The fire in the Temple on the 10th inst. will recall the fact that it has been subjected on many occasions to the visitations of the fire fiend. The Temple suffered severely in the Great Fire of Sept 1666, while still more serious injuries were inflicted on it by fire in 1678. It has, moreover, been the scene of many other disastrous free, potably those of 1677, 1678, 1683, 1704, 1736, and 1838. In the lastmentioned fire the chambers in Paper buildings of Sir Jobn (Lord Chancellor) Campbell and Mr. (Justice) Maule destroyed Several memorials offres are to be seen in the Temple. A stope tablet on 4, King's Bepcb.walk_commemorates the fire of_1677 :
Conflagratam Ano 1677. Fabricatam Apo 1678. Ricardo Powell, Armiger Thesaurar." In Pump-court there is the following inscription in reference to the fire of 1678: “ Vetustissima Templariorum Portiou Igne consumpta, Ano 1678. Nove bæc sumptibus medij Templi extructa. Ano 1681. Guielmo Wbitelocke, Arm. Thesauro." The sundial in Brick-court is the successor of an older one which perished in the fire of 1704, which is commemorated by the following inscription : "Phænicie instur revivieco. Martino Ryder, Thesaurio, 1704.” It was only by a free use of gunpowder uoder the direction of the Duke of York and a timely dropping of the wind that the Temple was saved from complete destruction in 1666, wbile in 1678 ‘the Church and the remaining buildings to the east were only saved from destruotion by blowing up the intervening houses. Mr. H. H. L. Belloo, in his well-known work The loner and Middle Temple, which is treasure-house of information in reference to the history and associations of the Temple which are dear to every Templar's heart, tells the following anecdote in reference to the fire of 1678, in which the ludicrous is stroogly blended with the tragic. In 1668 the City claimed jurisdiction the Temple, and the Lord Mayor, being invited to the Reader's Feast in the loner Temple Hall, came endea rouring. to carry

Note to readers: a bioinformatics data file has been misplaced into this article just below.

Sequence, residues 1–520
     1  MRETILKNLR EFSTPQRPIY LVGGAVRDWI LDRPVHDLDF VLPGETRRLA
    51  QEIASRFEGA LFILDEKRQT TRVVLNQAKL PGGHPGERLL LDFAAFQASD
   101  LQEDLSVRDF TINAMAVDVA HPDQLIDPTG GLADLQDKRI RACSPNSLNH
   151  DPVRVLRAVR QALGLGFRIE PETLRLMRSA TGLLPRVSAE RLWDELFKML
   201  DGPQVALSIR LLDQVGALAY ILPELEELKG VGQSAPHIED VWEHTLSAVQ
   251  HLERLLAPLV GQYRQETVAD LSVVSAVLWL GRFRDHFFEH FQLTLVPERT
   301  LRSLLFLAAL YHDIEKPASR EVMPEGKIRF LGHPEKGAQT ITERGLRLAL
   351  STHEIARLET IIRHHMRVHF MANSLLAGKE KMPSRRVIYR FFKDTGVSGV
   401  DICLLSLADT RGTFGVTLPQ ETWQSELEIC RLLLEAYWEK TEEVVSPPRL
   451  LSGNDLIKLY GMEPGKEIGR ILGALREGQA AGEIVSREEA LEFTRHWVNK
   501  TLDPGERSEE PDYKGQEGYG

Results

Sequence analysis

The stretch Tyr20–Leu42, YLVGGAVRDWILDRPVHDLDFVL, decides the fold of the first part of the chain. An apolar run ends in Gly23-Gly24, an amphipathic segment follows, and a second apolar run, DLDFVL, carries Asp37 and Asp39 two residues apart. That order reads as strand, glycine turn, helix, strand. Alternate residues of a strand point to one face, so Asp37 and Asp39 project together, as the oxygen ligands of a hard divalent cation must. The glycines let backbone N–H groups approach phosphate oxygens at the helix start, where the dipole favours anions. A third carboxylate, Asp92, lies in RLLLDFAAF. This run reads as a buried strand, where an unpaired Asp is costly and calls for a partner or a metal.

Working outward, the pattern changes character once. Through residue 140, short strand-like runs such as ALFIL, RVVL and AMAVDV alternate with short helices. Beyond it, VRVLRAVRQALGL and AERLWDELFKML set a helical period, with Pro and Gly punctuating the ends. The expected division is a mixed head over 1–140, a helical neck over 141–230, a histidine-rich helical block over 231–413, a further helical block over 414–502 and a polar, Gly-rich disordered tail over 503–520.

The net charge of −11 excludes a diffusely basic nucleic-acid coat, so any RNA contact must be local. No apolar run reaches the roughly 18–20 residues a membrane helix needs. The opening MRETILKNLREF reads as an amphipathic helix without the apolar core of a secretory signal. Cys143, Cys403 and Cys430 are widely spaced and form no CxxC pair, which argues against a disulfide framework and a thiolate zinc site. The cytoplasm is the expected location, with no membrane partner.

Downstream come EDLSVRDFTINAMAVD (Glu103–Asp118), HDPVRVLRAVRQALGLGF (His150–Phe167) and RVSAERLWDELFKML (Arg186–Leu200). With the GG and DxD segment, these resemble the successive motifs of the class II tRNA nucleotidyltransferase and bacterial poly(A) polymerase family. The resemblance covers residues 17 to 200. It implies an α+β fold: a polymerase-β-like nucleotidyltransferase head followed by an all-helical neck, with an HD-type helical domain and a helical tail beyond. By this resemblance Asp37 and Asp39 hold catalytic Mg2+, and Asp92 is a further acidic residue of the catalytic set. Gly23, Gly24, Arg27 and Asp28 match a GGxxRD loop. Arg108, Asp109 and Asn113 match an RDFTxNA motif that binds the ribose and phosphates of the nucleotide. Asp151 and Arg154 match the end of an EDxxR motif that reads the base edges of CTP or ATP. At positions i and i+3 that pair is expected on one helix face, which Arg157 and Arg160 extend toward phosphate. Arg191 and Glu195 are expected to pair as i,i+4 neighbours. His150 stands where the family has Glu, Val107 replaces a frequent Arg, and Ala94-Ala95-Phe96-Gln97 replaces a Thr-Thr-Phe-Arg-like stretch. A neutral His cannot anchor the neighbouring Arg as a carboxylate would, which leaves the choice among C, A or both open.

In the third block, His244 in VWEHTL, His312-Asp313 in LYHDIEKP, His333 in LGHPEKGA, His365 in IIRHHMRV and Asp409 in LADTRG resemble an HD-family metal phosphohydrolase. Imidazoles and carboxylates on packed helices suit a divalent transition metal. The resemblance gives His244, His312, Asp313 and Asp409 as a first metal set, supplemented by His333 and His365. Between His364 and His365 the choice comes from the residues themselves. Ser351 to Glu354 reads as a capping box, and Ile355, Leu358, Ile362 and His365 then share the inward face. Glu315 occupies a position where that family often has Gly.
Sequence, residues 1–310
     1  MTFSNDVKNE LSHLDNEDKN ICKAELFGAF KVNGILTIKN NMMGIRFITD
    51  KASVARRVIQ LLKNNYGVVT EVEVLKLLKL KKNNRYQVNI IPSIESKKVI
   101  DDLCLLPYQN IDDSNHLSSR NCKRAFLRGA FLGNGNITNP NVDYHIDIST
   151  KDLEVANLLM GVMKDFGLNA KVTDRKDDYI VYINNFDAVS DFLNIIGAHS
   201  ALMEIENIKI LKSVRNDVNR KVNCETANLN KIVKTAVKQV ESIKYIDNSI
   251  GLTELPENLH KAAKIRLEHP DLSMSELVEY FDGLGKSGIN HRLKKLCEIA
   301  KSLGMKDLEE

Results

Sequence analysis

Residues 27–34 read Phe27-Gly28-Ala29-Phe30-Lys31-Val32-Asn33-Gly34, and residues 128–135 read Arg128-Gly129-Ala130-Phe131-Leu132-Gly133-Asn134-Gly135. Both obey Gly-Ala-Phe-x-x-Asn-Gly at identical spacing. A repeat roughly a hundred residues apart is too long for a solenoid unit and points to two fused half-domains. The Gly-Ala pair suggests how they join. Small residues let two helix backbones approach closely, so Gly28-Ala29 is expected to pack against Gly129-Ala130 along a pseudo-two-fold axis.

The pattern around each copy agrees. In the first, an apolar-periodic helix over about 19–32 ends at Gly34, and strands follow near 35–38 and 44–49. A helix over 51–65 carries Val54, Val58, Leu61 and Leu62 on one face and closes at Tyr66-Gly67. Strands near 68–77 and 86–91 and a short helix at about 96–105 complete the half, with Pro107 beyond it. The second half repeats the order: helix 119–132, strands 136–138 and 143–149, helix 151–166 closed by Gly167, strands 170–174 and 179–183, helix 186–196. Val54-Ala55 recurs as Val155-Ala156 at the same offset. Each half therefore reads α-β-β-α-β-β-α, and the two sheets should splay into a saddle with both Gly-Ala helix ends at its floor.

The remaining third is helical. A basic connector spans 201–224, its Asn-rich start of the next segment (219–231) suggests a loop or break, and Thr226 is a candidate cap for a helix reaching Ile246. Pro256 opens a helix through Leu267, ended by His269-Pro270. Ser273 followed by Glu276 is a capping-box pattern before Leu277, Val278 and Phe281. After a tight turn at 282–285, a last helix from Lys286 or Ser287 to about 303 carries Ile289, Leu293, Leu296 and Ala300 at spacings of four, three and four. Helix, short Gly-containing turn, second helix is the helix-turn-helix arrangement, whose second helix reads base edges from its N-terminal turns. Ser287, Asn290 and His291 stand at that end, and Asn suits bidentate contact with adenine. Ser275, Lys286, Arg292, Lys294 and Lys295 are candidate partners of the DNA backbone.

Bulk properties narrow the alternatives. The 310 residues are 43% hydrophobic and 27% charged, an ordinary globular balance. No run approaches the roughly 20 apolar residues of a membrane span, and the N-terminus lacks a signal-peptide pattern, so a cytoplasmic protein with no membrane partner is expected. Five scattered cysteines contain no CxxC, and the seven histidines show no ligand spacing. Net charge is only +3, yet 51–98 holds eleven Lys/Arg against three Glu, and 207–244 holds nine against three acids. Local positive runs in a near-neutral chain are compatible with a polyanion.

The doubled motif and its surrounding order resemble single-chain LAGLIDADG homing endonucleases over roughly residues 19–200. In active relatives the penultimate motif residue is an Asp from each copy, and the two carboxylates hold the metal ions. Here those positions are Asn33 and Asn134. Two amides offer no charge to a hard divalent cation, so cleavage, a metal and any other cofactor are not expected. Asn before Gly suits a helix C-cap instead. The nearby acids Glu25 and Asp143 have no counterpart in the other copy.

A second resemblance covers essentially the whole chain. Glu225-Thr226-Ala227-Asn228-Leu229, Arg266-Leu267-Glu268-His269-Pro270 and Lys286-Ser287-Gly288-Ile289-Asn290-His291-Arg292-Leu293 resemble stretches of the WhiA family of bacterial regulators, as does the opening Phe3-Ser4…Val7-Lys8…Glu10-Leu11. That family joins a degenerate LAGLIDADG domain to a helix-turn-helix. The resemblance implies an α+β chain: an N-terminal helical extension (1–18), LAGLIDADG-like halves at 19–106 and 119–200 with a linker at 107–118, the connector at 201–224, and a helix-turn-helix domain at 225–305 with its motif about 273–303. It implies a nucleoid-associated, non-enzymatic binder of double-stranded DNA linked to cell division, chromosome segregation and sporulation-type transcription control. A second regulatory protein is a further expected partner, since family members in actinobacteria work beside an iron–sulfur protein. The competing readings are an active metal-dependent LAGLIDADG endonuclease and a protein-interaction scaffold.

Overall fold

This produced very serious disturbance, and the Lord Mayor,
baviog taken refuge in
tbe chambers of barrister, at length escaped out of the Temple. “ But," writes Mr. Belloc, “altbough the lawyers had so far the best of it, the dispute was to cost them dear afterwarde. lo 1678 a fire broke out in the chambers of one Thornbury, in Pump.court, and was far more disastrous even than the Great Fire. Breaking out at midnight, it continued till noon next day, destroyiog the whole of Pamp.court, Elm.court, Vine.court, the greater part of Hare-court and Brick.court across the lane, the Cloisters and part of the Inner Temple Hall. The Thames was frozen and the water supply stopped by the 'frost, so that the engines had to be fed with beer from the Temple cellare, wbich was soon exhausted.